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As Profit Rebounds on Iron Ore Rally, Rio Tinto Rewards Investors

As Profit Rebounds on Iron Ore Rally, Rio Tinto Rewards Investors
After the world’s second-biggest mining company reported the first gain in annual profit since 2013, Rio Tinto Group will pay a much higher dividend than expected and buy back $500 million of shares.
London-based Rio said on Wednesday that higher iron ore prices boosted underlying profit to $5.1 billion in 2016. This was more than the $4.75 billion average estimated by analysts.
Reflecting a new policy aligning the payout to earnings, the dividend fell 21 percent to 170 cents a share. Still, the company’s minimum payout of 110 cents and the average estimate of 136 cents in the Bloomberg survey were exceeded by it. Throughout the course of this year, Rio will purchase U.K.-listed shares.
After years of over-investment bloated balance sheets and left markets oversupplied, some of the top producers were forced to sell assets, cut costs and rein in spending, the global mining industry is rebounding from a downturn. Better demands for overseas ore resulted as Chinese stimulus supported local steel output and consequently Iron ore, Rio’s main profit driver, surged 81 percent last year.
“Our value over volume approach, coupled with a robust balance sheet and world-class assets, places us in a strong position to deliver superior shareholder returns through the cycle,” Chief Executive Officer Jean Sebastien Jacques said in the statement.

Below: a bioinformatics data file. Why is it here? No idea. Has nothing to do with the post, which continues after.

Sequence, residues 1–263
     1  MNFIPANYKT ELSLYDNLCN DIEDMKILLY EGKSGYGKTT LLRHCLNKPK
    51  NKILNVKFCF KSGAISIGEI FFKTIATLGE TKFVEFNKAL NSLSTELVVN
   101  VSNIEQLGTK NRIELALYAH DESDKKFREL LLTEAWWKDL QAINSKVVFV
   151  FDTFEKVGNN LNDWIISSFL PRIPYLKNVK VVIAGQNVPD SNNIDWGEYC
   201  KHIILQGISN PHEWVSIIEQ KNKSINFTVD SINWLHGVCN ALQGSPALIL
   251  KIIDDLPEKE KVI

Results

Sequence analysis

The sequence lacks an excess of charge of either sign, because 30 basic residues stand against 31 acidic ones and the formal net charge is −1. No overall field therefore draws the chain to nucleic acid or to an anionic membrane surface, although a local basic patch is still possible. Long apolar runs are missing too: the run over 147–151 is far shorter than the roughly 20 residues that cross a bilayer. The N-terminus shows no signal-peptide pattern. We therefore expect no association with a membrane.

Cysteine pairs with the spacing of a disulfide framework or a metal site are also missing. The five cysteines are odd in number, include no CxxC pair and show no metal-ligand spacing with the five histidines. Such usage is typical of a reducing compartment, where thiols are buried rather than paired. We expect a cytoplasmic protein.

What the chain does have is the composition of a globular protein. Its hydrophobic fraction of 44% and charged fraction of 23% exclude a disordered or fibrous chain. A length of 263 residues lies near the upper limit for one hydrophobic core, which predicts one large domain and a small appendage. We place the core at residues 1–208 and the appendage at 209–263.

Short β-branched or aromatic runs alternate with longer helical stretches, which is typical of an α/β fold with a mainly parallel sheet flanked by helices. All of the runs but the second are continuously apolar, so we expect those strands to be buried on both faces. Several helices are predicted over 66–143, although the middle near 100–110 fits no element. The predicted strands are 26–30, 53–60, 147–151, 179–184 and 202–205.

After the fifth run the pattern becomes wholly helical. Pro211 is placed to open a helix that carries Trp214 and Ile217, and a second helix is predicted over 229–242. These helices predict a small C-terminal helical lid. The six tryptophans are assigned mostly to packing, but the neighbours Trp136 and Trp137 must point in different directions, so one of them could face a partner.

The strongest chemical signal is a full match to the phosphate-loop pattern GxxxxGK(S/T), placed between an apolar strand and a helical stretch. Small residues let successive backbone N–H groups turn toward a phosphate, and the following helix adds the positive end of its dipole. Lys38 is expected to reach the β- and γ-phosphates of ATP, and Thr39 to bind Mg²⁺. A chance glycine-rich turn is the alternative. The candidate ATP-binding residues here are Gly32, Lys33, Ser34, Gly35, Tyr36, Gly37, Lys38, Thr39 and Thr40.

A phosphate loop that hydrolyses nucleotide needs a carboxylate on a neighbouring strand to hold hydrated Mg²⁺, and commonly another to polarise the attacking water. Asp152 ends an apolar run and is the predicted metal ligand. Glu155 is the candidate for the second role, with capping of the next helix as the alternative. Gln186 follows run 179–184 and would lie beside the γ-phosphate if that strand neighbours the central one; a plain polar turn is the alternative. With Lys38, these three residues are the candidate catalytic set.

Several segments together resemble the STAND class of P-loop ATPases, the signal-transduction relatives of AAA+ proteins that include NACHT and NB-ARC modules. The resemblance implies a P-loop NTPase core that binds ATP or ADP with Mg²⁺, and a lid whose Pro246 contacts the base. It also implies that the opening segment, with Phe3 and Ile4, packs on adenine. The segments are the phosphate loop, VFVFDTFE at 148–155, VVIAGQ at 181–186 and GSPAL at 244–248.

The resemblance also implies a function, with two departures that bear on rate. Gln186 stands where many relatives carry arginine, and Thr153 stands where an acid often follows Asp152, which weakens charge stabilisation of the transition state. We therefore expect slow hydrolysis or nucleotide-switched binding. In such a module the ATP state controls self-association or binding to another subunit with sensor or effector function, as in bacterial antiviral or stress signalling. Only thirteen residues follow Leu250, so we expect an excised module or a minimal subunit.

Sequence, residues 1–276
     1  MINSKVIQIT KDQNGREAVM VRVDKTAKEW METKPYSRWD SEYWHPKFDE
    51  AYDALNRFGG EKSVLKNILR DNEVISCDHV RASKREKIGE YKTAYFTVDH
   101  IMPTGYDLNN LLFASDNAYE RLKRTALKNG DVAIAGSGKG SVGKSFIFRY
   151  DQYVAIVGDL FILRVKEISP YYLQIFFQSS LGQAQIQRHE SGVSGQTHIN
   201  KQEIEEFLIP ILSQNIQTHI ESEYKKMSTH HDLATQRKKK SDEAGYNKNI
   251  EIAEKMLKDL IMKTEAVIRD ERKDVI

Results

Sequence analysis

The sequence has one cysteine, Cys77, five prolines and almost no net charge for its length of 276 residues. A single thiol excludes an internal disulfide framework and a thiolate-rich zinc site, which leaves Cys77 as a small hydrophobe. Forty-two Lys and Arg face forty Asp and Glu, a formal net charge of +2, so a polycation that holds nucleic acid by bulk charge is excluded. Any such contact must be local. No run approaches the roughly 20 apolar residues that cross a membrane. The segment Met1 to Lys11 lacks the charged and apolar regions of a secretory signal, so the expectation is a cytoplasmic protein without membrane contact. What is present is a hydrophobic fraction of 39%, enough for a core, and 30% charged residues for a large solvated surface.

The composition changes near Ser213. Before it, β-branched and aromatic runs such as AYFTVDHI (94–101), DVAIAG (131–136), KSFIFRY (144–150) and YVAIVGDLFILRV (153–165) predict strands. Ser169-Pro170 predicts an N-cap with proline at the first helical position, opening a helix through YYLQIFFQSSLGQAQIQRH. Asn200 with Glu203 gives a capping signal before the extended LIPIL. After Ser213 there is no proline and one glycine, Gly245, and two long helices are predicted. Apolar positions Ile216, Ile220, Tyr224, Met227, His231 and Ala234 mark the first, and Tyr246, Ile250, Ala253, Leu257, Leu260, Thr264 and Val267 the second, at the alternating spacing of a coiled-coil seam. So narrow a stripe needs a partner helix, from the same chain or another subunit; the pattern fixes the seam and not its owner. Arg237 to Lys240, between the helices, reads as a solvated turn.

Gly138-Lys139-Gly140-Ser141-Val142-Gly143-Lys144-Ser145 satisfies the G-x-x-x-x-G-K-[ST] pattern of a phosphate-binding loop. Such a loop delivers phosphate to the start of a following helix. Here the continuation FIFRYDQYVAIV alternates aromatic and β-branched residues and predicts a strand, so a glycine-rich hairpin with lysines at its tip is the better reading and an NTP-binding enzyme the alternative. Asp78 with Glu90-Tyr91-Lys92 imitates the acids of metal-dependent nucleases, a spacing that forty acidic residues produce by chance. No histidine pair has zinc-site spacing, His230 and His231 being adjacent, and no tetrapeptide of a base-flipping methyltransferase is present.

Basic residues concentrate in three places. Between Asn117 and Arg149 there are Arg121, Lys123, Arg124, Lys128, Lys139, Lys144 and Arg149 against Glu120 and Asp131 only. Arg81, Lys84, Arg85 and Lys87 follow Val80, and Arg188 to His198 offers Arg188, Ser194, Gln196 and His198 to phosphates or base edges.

Rio shares rallied 60 percent in London in 2016 as they rebounded from a seven-year low. Reaching an almost four-year high in late January, the stock is up 9 percent this year. By the close of trade on Wednesday, the Sydney-traded shares rose 0.8 percent to A$65.69.
Residing near a two-year high are prices for iron ore delivered to China. For Rio and competitors including BHP Billiton Ltd. and Vale SA, whether the rally can be sustained is the main question.
Seeking to gauge how easily new low-cost supply will be absorbed and if higher prices will prompt additional output are banks including JPMorgan Chase & Co., Goldman Sachs Group Inc. and Citigroup Inc.
Chinese customers are well stocked as revealed by signs from the industry there. Shipments from Australia’s Port Hedland hit an all-time high for the month of January and inventories at Chinese ports reached a record last week.
Jacques outlined his vision to grow the company through investing in existing projects and expanding profitable operations, rather than focusing on deals shortly before taking over the CEO role from Sam Walsh in July.
As part of a broader plan to slim Rio’s asset base that has resulted in $7.7 billion of disposals since 2013, Jacques is leading the 144-year-old mining giant’s retreat from coal.
A firm controlled by China’s Yanzhou Coal Mining Co. for $2.45 billion was chosen by him last month to sell most of the company’s thermal coal assets. Expectations of bigger returns to shareholders have been raised by the sale which would leave Rio with just two remaining coal mines once completed.
At the end of last year, Rio’s net debt fell 30 percent to was $9.6 billion. Deutsche Bank AG has said that the disposal could help reduce borrowings to $3.9 billion by the end of 2017.

Christopher J. Mitchell

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